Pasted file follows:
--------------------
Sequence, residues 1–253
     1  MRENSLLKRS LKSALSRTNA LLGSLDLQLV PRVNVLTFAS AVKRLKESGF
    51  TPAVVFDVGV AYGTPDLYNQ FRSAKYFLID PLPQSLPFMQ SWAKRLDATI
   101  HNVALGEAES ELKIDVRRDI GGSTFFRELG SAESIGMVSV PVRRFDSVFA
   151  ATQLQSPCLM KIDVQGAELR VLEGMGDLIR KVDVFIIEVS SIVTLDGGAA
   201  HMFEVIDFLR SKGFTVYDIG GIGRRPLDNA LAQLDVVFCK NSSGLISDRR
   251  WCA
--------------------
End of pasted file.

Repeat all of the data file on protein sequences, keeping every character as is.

Sequence, residues 1–253
     1  MRENSLLKRS LKSALSRTNA LLGSLDLQLV PRVNVLTFAS AVKRLKESGF
    51  TPAVVFDVGV AYGTPDLYNQ FRSAKYFLID PLPQSLPFMQ SWAKRLDATI
   101  HNVALGEAES ELKIDVRRDI GGSTFFRELG SAESIGMVSV PVRRFDSVFA
   151  ATQLQSPCLM KIDVQGAELR VLEGMGDLIR KVDVFIIEVS SIVTLDGGAA
   201  HMFEVIDFLR SKGFTVYDIG GIGRRPLDNA LAQLDVVFCK NSSGLISDRR
   251  WCA